Millions at private clinics during the pandemic

Millions to private clinics during pandemic

UPDATE DAY

The pandemic has paid off for Chirurgie DIX30, which was awarded at least $51 million in contracts in 2020, following the load shedding in hospitals. Quebec wishes to maintain this shift towards private operations in the coming years. 

The Brossard-based company seems to have won the lion's share of contracts awarded by the government to increase its capacity at a time when hospitals were dealing with COVID-19. 

Another private clinic well-known company, RocklandMD, benefited from a contract worth more than $8 million to enable the Integrated University Health and Social Services Center (CIUSSS) of the East-of-the-island of Montreal to “reduce wait times for day surgeries or surgical specialties” at the start of the pandemic.

The Opmédic group, in Laval, has also signed a contract for nearly $5 million to relieve the Integrated Health and Social Services Center (CISSS) of Laval. 

Some of the agreements include options over more than a year.

This is an explosion in the use of the private sector: the health network had only three partner clinics before the pandemic, compared to about twenty today. In 2017, Le Journal reported that operations from the public network to the private sector had cost $9.2 million. 

Little transparency< /p>

This is a partial portrait of the amounts granted to specialized medical centers. 

“After several checks, we do not have the amounts of these contracts at the MSSS”, indicates the Ministry of Health and Social Services (MSSS) in response to our Parliamentary Office. 

A request aux CISSS et CIUSSS generated a variety of responses, some providing only the amount spent, while others directed our request to an access to information request, where delays can reach 30 days. 

The compilation made by Le Journal
comes from the Electronic Tendering System, in which some contracts concluded in 2020 have just been published. Others could be missing.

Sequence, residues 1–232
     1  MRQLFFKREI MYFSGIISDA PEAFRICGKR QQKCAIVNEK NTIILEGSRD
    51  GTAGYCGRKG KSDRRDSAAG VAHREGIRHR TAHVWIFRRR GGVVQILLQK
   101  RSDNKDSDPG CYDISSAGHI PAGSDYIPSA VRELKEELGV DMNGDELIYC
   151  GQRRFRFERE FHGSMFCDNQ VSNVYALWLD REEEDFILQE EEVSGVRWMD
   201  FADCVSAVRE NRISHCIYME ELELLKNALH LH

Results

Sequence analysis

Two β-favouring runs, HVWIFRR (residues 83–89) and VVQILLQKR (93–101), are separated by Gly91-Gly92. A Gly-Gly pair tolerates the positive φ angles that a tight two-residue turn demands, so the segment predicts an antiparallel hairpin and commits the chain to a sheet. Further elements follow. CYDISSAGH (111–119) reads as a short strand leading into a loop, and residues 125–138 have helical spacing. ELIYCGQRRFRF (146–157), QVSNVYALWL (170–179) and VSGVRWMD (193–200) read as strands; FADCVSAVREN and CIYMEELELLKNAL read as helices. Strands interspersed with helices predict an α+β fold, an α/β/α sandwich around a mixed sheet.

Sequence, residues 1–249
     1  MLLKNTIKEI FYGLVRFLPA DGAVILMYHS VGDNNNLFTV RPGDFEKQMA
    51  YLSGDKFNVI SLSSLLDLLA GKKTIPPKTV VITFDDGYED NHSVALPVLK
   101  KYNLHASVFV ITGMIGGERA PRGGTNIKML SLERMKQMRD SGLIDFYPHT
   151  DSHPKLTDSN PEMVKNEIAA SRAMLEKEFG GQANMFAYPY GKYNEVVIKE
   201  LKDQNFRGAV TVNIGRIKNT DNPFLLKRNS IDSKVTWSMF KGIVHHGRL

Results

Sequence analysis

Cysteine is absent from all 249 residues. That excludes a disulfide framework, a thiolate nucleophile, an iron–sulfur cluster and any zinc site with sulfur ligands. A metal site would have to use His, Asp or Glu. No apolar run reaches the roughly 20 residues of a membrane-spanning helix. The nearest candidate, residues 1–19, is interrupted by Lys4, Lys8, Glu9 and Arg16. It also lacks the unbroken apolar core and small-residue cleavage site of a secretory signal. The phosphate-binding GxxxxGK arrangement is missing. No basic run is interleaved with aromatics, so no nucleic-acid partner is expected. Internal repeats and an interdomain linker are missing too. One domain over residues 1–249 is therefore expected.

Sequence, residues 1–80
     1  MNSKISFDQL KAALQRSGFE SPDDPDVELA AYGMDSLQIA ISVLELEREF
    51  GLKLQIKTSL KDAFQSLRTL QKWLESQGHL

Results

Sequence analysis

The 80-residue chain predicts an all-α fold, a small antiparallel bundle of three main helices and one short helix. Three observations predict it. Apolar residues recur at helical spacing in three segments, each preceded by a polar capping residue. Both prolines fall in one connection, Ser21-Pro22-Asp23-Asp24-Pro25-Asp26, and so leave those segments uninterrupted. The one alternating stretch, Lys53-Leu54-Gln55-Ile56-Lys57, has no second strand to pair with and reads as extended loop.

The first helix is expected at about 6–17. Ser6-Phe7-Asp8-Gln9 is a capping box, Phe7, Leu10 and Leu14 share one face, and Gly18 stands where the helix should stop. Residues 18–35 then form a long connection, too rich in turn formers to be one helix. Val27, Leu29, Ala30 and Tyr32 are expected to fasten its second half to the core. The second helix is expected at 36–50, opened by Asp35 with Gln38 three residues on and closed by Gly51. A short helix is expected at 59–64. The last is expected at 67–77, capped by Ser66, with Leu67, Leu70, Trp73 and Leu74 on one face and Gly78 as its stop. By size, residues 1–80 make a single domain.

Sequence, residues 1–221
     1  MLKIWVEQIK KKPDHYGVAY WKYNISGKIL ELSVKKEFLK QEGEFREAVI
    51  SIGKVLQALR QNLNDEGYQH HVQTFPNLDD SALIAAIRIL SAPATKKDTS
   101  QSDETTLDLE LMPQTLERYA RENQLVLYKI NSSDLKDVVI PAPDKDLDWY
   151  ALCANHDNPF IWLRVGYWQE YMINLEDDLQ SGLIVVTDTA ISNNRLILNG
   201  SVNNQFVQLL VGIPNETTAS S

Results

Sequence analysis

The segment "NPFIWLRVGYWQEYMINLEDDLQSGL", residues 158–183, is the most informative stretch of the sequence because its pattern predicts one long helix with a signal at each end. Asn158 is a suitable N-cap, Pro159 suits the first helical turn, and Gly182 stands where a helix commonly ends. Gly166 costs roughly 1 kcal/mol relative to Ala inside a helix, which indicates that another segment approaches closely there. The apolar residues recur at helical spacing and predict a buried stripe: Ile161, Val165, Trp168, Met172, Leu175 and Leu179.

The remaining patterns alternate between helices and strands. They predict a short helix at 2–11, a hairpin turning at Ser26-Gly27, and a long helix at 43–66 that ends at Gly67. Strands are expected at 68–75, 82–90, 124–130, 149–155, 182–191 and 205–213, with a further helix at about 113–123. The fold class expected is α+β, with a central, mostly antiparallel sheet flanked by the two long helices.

A more efficient system

Chirurgie DIX30's general manager emphasizes that he only offers procedures paid for by the public. 

“We are the equivalent of a radiology clinic or a FMG [family medicine group],” argues Normand Laberge. 

< p>He praises the efficiency of the private model. 

“Here, the doctors tell us: 'I do two more surgeries a day than I do in the hospital,'” he confides. -il. 

This is explained by the fact that the teams devote themselves solely to operations, according to him, while hospitals sometimes have to interrupt their activities to take care of a road accident, for example. 

Some contracts 

Surgery Dix30  

  • 12 M$ CISSS de la Montérégie-Est 
  • $6.2M CISSS de la Montérégie-Ouest 
  • $10.8M CIUSSS du Centre-Sud-de-l 'Île-de-Montréal 
  • 22.5 M$ CISSS de la Montérégie-Centre    

Rockland® 

  • $8.1M CIUSSS de l'Est-de-l'Île-de-Montréal  

Source: Electronic tendering system

The State reimburses certain patients operated on privately 

Citizens have found a way to have surgery done more quickly in the private sector, while being reimbursed part of it of their costs by Quebec. 

In a decision dated March, the Administrative Labor Tribunal (TAT) forced the Commission for Standards, Equity, Health and Safety at Work (CNESST) to reimburse part of the $14,660 disbursed by a employed to obtain private surgery.  

Before the Tribunal, the young woman explained that “she chose this choice because of the long waiting times for the same procedure in the public sector. She wanted to be able to recover and return to her job as quickly as possible.”

The worker, having slipped on a patch of ice while on the job, needed “left shoulder repair surgery”. 

Status of doctor 

The CNESST initially refused to reimburse her for her private surgery, arguing that the surgeon had the status of a physician participating in the Régie de l'assurance maladie du Québec. 

The TAT ruled, however, that “the status of the surgeon at the time of operating the worker has no impact here on her right to reimbursement of part of the costs”. 

Then, the Court cited several other decisions which demonstrate that the case law is clear: an employee can be reimbursed by the CNESST for private surgery, up to the amount provided for in the public network. He must pay the difference himself, if necessary. 

Go ahead of the others 

A lawyer in labor law work, who wishes to remain anonymous, explains that these reimbursements from the CNESST for private surgeries are quite common. 

One of the arguments put forward by the plaintiffs is the possibility of saving costs on work stoppage benefits by returning to their jobs more quickly.  

Some might see this as an unfair situation, believing that workers get a pass while others wait in public, but the lawyer believes that we must avoid amalgamating the two files. 

“We have a healthy plan and safety at work which is very well done for the workers, she pleads. Afterwards, the delays that can be found in surgeries, I believe that we should not mix the two, it is another debate which concerns access to care. »

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